I’m clearly not very good at packing puzzles – in fact a majority of my unsolved puzzles on the shelf are of the packing variety. I’m not sure why they don’t click with my brain, but they are always a struggle – and Pack 3 was one of the worst (or best?) that I’ve worked on.

This particular puzzle is so deceptively simple and that may be what lead to my frustration. It consists of a beautifully crafted box with a unique opening along with 3 simple looking pieces. All you have to do is stick those pieces into the box. It should be simple, but it is not. The description says “The level 8.2.2 solution is satisfying without being too frustrating.” Well, I’d agree with the satisfying part, but for me, this was extremely frustrating, I dubbed it “the box from hell” along with other more colorful, non-family appropriate names.

This puzzle arrived along with 6 others the other day and I naively started work on it thinking – “I’ll start with the easiest of the bunch!” So, I casually began tinkering with the pieces, trying to insert them into the box. I spent 5 minutes here and 5 minutes there trying haphazardly to cram them all in. But, it didn’t work – furthermore, I couldn’t wrap my head around the idea that it required 8 moves with the first piece. How could that be? 8 moves seemed like way too many for the options I was faced with.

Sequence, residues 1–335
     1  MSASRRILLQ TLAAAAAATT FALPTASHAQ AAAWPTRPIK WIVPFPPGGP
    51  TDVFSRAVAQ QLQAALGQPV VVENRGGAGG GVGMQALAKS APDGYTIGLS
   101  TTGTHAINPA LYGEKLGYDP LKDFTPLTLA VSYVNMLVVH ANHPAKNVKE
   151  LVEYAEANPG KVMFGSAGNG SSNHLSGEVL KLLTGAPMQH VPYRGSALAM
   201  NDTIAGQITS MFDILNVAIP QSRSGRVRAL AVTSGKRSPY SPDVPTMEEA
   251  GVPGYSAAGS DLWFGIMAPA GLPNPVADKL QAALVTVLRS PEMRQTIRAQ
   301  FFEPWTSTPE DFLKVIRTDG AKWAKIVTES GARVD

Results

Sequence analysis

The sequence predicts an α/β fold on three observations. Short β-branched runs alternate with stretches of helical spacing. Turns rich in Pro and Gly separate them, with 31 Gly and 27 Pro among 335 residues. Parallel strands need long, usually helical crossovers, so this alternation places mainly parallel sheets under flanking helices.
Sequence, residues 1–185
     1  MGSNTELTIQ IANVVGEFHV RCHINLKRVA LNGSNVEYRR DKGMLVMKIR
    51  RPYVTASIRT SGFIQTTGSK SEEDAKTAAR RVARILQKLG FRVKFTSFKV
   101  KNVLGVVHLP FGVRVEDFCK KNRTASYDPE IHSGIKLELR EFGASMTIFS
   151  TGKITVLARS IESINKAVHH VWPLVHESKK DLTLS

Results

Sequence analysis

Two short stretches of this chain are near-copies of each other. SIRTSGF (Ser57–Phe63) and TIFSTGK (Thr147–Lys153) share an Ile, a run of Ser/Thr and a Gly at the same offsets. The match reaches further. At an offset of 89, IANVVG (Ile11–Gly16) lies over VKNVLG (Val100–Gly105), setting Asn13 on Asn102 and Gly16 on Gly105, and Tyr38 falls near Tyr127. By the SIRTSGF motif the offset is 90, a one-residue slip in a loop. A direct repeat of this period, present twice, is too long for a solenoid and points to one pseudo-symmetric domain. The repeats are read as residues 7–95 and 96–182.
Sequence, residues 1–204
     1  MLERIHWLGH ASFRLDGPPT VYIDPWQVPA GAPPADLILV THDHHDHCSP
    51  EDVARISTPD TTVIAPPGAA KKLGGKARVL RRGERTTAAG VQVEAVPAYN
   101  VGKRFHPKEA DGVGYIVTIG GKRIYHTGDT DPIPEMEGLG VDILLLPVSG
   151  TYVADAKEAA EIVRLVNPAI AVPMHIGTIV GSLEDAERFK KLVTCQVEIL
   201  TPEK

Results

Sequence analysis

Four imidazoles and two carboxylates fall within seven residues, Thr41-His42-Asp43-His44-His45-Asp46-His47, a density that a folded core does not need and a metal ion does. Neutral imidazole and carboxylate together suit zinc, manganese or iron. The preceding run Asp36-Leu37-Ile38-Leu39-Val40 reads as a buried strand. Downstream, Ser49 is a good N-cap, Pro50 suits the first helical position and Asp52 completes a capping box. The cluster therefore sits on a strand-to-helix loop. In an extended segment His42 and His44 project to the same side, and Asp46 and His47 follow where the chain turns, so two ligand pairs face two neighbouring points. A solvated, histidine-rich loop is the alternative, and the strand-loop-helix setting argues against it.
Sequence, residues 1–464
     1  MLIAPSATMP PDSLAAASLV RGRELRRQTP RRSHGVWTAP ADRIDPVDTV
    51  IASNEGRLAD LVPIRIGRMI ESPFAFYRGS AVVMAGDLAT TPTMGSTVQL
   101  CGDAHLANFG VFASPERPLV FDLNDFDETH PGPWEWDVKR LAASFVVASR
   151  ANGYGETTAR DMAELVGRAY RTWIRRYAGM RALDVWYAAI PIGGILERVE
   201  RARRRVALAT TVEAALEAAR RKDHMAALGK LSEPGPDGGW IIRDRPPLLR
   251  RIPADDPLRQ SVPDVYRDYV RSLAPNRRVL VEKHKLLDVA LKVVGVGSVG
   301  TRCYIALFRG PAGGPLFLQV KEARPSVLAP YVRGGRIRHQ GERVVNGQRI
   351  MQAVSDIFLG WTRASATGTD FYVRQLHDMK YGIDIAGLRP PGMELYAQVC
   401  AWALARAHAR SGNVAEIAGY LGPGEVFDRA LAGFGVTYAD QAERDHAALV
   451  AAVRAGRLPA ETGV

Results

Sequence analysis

All you have to do is stick those 3 pieces into that box!

Within about an hour, I had a solution – only my solution was 2.1.3 and it left a visible gap. The solution didn’t feel right or satisfying and clearly didn’t match up with the description so I fired an email off to cubic dissection to see if I had done it correctly. The reply came back shortly after “You are close but that is not the correct solution.” Ugh, well on one hand I was happy to continue working on it, but on the other, I had hoped that it was correct. Back to the drawing board.

For two days, I worked on this thing. I was obsessed, I was driven, I was thinking about it in my sleep. I focused all my energy, I used all my logic and I failed over and over again. I decided to get systematic and try every possible combination of inserting the pieces, whether they were logical or not, I had to cross off all the non-working ideas and focus on what was left, but again, I failed. I cried, I cursed, I put it back on the shelf, but I couldn’t just walk away. I had to solve it.